Before the run I would imagine myself on the track, and how I’d be feeling. The virtual me would then accept the pain and tiredness, know he could handle it, and acknowledge that there was nowhere else he would rather be. I also had a psychologist take me through some visualisations. I would sit with my eyes closed, imagining as much detail a possible, and she would conjure up different points in the race and say things like, ‘You look at the light shining on the track and think what a privilege it is to be doing this run.’ Then, when you’re in the real situation and struggling to keep going, hopefully you look at the track, see it’s brightness under the light, and part of your brain says, ‘I’m grateful, this is what I want to be doing,’ instead of ‘Get me out of this, now!’ I literally heard the psychologist’s voice in my ear a few times during the night, as if I was reliving the scene my brain had already experienced during the visualisations.

And do those kind of techniques flow into normal life, too?

Definitely. If we have something challenging to do and we’re a bit nervous or stressed, there’s a tendency to imagine things going wrong. But if you’ve done some visualisation and imagined yourself doing it well, then when you are there for real, you are just acting out what your brain has already done before. It’s very powerful. The key is to imagine it as clearly as possible when you do the visualisation.

You must cover a lot of miles in training, how do you work and get the runs in?

I have my own business, so I’m fortunate to have quite a lot of flexibility. It takes a lot of discipline, though, because no matter how bad you feel, you have to work, or nothing happens. In reality, unless you’re a full-time athlete, there are always compromises to be made. But normally if there’s something really important, I can move the training around so I’m mentally sharp when I most need to be. I often do my longest runs on Saturdays, so I have Sunday to recover before work on Monday. Where possible, I also save time by running to and from places instead of getting in a car or taking the tube.

How old were you on race day?

I was 49. Fortunately, ultrarunning is one of the sports where the older runner can be successful. If you lose a yard of pace, it’s less relevant in a race over 24 hours than in something a lot shorter. What matters most is mental strength and the maturity to not start too fast. We gain a lot of perspective and coping skills from our life experience. Some pick this up early, and there are 24-Hour runners who have excelled in their twenties. But most often the runners on the podium at the 24-Hour World Championships will be in their thirties, forties, or even fifties.

Presumably being an older runner does still have its challenges?

Yes, you need to train more intelligently when you’re older, with more time for recovery from hard training runs. You need a fair bit of luck with avoiding serious injuries, but a lot of it is about attitude. I’ve met plenty of people who think they’re washed up at 40, or even younger. We all have preconceptions about how we should feel or act when we’re a certain age, perhaps from watching our parents, or even from TV or advertising. It’s great when people are willing to test those preconceptions and see what’s possible for them as unique individuals. The key is to be cautious though, and build up slowly.

And earlier you said there was someone of 85 years-old running?

Yes, the amazing and inspirational Geoff Oliver, who ran 77 miles in that race! Five years earlier, when he was 80 years-old, he ran 100 miles in 24 hours. To my mind, that’s one of the greatest sporting achievements of all time. In the race we also had another legend of the sport, Patricia Seabrook, who ran 73 miles at the age of 78. These athletes really are incredible examples of what’s possible if we can stay healthy, have a bit of luck, and do our best to keep active.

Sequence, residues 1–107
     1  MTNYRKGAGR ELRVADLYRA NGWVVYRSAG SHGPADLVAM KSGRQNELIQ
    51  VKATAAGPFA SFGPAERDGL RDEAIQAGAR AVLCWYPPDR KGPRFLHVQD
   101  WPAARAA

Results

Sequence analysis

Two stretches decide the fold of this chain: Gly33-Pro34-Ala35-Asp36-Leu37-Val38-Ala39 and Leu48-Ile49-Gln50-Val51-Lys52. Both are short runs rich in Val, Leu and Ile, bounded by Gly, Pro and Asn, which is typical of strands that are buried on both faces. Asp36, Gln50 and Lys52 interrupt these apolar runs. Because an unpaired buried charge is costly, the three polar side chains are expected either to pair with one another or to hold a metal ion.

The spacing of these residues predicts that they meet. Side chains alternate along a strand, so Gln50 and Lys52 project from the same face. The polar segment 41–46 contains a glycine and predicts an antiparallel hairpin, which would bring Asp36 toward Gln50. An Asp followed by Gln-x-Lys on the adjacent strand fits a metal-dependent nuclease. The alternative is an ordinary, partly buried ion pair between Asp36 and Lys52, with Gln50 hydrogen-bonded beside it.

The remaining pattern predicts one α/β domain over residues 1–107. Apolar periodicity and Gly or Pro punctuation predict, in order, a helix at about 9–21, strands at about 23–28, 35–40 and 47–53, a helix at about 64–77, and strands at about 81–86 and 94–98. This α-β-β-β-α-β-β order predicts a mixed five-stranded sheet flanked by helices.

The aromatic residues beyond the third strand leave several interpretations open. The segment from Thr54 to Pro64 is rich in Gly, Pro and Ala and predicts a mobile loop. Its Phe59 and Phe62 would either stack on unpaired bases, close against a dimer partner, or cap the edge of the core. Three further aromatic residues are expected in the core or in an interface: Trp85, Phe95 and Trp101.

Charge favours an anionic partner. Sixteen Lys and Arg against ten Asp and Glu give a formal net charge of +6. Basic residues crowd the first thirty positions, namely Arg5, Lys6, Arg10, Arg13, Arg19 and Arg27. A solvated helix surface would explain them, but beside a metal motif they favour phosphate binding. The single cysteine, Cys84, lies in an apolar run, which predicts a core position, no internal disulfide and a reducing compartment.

And what was it like to make your debut for Team GB at 50?

A very special day. In my mid-thirties when I started running, I never even dreamt of such things. I suppose it’s a classic case of opening doors because you never know where they might take you. To be part of the GB team was a life experience. I remember at one point running with two of my teammates and thinking, ‘I never want to forget how this feels. It might be the only chance I get, but I will always have this.’

For anyone inspired to try, how do they become an ultrarunner?

The training for ultramarathons is not that different to normal marathons, so doing a marathon is a good first step towards ultrarunning. Most people who have recent experience with the marathon can then run further by increasing the length of a few of their long runs. A short ultramarathon, like a 50km, is just five miles on from the marathon. All that’s required is a mindset shift and some intelligent pacing! From there a whole new world will open up.

What’s the toughest race in the world?

A lot of races like to make that claim! It seems like every week someone creates a new event to try and outdo the others. In reality, it mostly depends how hard you race. A shorter or notionally easier event is much tougher if the athlete is racing to the edge of their ability, than something that looks more epic on paper but isn’t raced hard. Still, if I had to choose one race, it would be the world’s longest recognised event, the Self-Transcendence 3100 Mile Race. The competitors have only 52 days to cover the distance, so at worst they need to average 59.6 miles every single day! They also run around the same city block the entire race.

Finally, what’s the biggest thing you took away from your 24-Hour race?

I suppose if I had to choose one thing, it would be the sense of connection: connection to the other athletes and the ultrarunning community, but also to life. Extreme experiences tend to strip away the artifice and offer clarity on what’s important. I feel a little bit closer to understanding life now than I did when I stepped onto that track.